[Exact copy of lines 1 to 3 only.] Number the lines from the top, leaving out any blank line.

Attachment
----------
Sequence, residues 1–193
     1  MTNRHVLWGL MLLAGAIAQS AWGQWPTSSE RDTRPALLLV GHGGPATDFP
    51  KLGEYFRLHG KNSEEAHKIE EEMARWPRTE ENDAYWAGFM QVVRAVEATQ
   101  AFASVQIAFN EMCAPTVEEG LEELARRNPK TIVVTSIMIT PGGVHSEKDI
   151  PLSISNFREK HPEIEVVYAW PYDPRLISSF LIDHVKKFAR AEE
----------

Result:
Sequence, residues 1–193
     1  MTNRHVLWGL MLLAGAIAQS AWGQWPTSSE RDTRPALLLV GHGGPATDFP
    51  KLGEYFRLHG KNSEEAHKIE EEMARWPRTE ENDAYWAGFM QVVRAVEATQ